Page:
Discussion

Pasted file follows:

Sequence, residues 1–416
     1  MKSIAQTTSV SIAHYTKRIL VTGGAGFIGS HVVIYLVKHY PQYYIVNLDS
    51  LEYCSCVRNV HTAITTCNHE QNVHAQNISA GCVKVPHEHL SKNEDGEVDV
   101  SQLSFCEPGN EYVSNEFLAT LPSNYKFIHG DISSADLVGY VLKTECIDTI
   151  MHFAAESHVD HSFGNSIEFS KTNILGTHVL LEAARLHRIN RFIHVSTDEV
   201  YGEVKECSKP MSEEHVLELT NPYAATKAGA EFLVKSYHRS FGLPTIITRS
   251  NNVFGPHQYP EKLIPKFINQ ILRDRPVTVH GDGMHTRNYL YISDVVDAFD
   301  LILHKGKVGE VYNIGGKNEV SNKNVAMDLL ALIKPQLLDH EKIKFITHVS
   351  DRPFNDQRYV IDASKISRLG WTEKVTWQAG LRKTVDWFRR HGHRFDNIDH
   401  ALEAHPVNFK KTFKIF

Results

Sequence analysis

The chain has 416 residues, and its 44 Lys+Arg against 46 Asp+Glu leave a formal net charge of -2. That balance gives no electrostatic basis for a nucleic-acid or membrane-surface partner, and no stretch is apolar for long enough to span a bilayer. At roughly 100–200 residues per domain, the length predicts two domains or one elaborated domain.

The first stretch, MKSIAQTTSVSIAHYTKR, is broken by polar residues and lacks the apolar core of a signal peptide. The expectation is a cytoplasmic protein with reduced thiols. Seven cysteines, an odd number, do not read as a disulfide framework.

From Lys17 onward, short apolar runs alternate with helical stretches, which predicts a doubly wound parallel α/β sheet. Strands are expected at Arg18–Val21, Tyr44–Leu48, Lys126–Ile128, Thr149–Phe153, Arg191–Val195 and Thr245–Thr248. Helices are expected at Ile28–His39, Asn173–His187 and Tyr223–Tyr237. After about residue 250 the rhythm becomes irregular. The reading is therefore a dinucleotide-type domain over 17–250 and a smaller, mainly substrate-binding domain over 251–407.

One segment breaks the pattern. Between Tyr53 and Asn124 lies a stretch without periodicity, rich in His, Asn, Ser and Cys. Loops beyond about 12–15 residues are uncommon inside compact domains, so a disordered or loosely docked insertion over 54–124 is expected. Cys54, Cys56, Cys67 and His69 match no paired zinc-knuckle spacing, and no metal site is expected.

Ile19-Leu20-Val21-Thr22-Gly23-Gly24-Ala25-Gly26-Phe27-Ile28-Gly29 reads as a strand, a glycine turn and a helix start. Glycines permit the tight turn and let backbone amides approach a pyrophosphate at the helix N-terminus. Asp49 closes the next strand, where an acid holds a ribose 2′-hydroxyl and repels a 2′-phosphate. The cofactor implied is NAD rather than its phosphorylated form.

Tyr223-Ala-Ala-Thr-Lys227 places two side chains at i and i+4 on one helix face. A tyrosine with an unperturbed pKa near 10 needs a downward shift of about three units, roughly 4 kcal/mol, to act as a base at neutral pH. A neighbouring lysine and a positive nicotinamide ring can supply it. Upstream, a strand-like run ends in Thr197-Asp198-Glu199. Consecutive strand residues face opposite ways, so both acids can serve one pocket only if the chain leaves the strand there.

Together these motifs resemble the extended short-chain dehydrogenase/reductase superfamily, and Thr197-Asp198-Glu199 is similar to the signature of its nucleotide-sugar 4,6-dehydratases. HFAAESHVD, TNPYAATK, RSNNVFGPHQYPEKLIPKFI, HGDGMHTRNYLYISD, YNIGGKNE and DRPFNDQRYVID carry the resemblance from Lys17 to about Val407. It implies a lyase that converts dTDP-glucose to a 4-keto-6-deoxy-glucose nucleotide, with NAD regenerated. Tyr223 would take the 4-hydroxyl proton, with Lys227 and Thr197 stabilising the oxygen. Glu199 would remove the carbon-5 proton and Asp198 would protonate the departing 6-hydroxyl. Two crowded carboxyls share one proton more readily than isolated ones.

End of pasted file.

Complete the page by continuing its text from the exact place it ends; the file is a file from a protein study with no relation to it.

To invoke the subject-matter jurisdiction of the district court over his claims challenging government action, Grossman must have standing to bring his claims, and he must overcome the sovereign immunity that generally bars such claims. Bacon v. Texas Historical Comm'n, 411 S.W.3d 161, 172 (Tex. App.-Austin 2013, no pet.) (noting that party challenging government action must overcome or avoid fundamental limitations on subject-matter jurisdiction of standing and sovereign immunity). On appeal, Grossman asserts that the district court erred in concluding that it lacked subject-matter jurisdiction because (1) sovereign immunity does not bar his ultra vires claims against Wolfe; (2) the Antiquities Code waives sovereign immunity for claims that a government body or government official has violated or threatens to violate the Antiquities Code; (3) the Antiquities Code confers standing to sue on Grossman because ...